head isabout to slip out anteriorly and his or her body tautens in apprehension.
The test should be repeated with the examiner applying pressure to the front of the
shoulder; with this manoeuvre, the patient feels more secure and the apprehension
sign is negative.

The same effect can be demonstrated by the fulcrum test . With the patient lying

supine, arm abducted to 90 degrees, the examiner places one hand behind the
patient ’s shoulder to act as a fulcrum over which the humeral head is levered
forward by extending and laterally rotating the arm; the patient immediately becomes
If instability is marked the drawer test may be positive ,With the patient supine, the
scapula is stabilized with one hand while the upper arm is grasped firmly with the
other so as to manipulate the head of the humerus forwards and backwards (like a


Most cases can be diagnosed from the history and examination alone. The Hill –Sachs
lesion (when it is present) is best shown by an anteroposterior x- ray with the shoulder
internally rotated, or in the axillary view.
Subl uxation is seen in the axillary view.

MRI or MR arthrography is useful for demonstrating bone lesions and labral tears.

Arthroscopy is sometimes needed to define the labral tear.

Examination under anaesthesia can help to determine the direction of instability.

This forms an essential part of assessing instability. Both shoulders need to be
examined. Reports have demonstrated sensitivities and specificities of 100 per cent
and 93 per cent, respectively.


If dislocation recurs at long interv als, the patient may choose to put up with the
inconvenience and simply try to avoid vulnerable positions of the shoulder.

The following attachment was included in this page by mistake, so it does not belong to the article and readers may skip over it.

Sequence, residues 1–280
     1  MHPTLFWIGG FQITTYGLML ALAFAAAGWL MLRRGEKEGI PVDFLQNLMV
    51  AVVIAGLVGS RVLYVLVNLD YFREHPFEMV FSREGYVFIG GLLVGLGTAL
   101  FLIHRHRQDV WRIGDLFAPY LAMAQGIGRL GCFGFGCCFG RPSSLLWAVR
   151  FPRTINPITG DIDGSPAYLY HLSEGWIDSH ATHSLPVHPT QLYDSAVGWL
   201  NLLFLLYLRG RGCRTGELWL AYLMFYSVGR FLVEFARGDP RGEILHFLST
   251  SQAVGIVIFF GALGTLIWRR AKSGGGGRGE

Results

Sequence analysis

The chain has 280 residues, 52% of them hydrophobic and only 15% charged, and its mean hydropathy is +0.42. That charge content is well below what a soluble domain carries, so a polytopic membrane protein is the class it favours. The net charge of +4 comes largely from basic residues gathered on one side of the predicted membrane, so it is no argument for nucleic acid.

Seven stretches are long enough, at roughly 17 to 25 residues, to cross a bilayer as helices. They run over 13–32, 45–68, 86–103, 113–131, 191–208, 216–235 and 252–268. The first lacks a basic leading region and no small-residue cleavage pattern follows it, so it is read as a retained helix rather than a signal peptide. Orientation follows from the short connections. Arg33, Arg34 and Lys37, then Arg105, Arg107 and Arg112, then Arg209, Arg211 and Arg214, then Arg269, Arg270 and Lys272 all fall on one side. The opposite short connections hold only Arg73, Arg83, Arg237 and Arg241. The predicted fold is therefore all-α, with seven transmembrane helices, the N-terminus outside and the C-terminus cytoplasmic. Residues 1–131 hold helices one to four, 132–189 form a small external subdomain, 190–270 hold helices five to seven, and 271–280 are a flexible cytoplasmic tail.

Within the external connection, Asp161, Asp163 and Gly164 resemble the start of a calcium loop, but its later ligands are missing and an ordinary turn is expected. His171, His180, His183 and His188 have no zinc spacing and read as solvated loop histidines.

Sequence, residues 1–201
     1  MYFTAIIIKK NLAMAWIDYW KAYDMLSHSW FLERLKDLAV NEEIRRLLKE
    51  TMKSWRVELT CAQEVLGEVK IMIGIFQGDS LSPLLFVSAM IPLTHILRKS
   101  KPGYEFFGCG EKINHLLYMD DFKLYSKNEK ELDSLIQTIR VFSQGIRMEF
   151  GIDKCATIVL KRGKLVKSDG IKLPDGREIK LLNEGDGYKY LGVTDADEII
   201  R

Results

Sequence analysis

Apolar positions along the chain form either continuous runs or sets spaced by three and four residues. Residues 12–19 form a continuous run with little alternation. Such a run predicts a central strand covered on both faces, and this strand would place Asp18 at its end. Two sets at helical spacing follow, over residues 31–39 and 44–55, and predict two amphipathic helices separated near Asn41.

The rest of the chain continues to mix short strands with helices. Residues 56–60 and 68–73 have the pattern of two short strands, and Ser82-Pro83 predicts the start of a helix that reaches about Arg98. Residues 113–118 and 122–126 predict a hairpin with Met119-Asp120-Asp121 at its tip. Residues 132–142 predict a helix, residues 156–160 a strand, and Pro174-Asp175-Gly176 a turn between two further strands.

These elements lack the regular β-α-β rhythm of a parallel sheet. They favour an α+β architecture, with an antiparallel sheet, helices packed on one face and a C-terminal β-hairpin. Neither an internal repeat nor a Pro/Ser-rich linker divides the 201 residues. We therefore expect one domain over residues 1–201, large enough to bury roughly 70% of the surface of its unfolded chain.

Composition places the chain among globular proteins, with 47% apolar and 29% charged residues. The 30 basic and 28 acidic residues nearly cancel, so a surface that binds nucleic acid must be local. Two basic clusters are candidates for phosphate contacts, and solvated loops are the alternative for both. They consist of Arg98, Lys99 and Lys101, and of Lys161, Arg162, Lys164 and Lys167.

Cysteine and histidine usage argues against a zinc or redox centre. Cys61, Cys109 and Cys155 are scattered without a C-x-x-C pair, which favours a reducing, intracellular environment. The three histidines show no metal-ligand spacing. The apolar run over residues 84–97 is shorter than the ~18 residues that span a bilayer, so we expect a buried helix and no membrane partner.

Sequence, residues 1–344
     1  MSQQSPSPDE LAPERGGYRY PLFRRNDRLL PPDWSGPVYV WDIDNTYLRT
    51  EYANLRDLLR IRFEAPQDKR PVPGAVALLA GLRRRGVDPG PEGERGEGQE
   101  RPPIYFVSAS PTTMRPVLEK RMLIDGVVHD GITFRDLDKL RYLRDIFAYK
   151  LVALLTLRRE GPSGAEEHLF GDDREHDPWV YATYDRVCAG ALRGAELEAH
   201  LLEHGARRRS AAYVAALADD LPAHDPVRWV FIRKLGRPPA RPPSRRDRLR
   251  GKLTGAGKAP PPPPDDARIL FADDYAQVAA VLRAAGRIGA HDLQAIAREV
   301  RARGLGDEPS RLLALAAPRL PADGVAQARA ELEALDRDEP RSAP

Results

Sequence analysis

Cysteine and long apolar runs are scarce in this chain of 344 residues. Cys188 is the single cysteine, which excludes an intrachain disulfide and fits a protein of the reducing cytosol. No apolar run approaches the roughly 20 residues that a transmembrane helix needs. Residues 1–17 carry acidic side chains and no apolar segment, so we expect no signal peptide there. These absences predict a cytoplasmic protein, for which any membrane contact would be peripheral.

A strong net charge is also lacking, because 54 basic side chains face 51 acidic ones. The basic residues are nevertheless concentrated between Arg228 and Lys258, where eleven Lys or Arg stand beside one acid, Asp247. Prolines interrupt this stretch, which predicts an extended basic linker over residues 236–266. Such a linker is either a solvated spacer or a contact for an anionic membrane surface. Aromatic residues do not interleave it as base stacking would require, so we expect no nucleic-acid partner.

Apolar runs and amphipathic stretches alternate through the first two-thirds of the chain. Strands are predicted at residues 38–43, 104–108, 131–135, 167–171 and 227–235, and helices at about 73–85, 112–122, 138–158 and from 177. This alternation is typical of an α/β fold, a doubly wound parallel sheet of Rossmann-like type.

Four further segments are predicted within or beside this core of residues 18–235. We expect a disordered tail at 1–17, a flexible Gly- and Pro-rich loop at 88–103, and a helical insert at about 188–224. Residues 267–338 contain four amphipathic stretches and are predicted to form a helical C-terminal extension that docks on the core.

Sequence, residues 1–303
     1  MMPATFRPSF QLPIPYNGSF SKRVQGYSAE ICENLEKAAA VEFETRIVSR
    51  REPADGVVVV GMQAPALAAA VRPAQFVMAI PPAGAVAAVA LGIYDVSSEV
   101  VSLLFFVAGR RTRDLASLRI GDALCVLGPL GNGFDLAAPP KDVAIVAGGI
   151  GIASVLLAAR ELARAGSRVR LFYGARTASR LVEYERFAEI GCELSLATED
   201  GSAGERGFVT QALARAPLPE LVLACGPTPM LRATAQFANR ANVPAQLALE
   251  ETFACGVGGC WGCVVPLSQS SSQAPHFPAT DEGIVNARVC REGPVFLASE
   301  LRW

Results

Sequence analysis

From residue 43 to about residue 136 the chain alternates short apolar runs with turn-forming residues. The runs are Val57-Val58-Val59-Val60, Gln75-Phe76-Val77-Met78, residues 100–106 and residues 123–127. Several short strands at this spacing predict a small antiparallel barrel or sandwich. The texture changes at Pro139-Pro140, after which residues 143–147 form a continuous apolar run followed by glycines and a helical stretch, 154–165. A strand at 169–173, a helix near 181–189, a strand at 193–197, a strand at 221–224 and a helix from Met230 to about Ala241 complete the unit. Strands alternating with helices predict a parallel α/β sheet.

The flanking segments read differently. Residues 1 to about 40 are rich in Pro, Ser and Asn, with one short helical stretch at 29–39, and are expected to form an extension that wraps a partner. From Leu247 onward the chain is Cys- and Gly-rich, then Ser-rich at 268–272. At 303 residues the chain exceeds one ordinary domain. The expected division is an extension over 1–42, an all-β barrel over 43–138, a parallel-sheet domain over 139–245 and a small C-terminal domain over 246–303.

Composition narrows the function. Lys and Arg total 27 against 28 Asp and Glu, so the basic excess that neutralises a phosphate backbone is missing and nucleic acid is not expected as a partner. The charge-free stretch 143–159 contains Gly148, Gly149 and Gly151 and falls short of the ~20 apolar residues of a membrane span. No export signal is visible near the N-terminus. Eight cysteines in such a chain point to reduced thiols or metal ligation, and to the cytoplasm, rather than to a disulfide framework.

The indications for operation include frequent dislocation, especially if this is
painful, and recurrent subluxa tion or a fear of dislocation sufficient to prevent
participation in everyday activities, including sport.
Anatomical repairs These are operations that repair the torn glenoid labrum and
capsule, e.g. the Bankart procedure .

Non-anatomical repairs These procedures are designed to counteract the pathological

tendency to joint displacement:
(a) operations that shorten the anterior capsule and subscapularis by an overlapping
repair (e.g. the Putti
–Platt operation);

(b) operations that reinforce the anteroi nferior capsule by redirecting other muscles

across the front of the joint (e.g. the Bristow
–Laterjet operation ); and (c) a bone
operation to correct a reduced retroversion angle of the humeral head by osteotomy
( Kronberg and Brostrum ,).


This condition is usually due to a violent jerk in an unusual position or following an
epileptic fit or a severe electric shock. Dislocation may be associated with fractures of
the proximal humerus, the posterior capsule is stripped from the bone or stretched,
and there may be an indentation on the anterior aspect of the humeral head. Recurrent
instability is almost always a posterior subluxation with the humeral head riding back
on the posterior lip of the glenoid.


Tuberculosis of the shoulder is uncommon. It usually starts as an osteitis but is rarely
diagnosed until arthritis has supervened. This may proceed to abscess and sinus
formation, but in some cases the tendency is to fibrosis and ankylosis.


This is the most common arthropathy to affect the shoulder complex; 90 per cent of
patients with rheumatoid arthritis have involvement of the acromioclavicular joint, the
shoulder joint and the various synovial pouches around the shoulder.


Osteoarthritis of the gleno -humeral joint is more common than is ge nerally
recognized. It is usually secondary to local trauma, recurrent subluxation or
longstanding rotator cuff lesions. Often chondrocalcinosis is present as well but it is
not known whether this predisposes to osteoarthritis or appears as a sequel to joi nt


Occasionally, in the presence of longstanding or massive cuff tears, patients develop a
rapidly progressive and destructive form of osteoarthritis in which there is severe
erosion of the gleno- humeral joint, the acromion process and the acromioclavicular
j oint –what Neer and his colleagues (1983) called a cuff tear arthropathy .


The scapulae normally complete their descent from the neck by the third month of
fetal life; occasionally one or both scapulae remain incompletel y descended.
Associated abnormalities of the cervical spine are common and sometimes there is a
family history of scapular deformity.

رفعت المحاضرة من قبل: Ahmed monther Aljial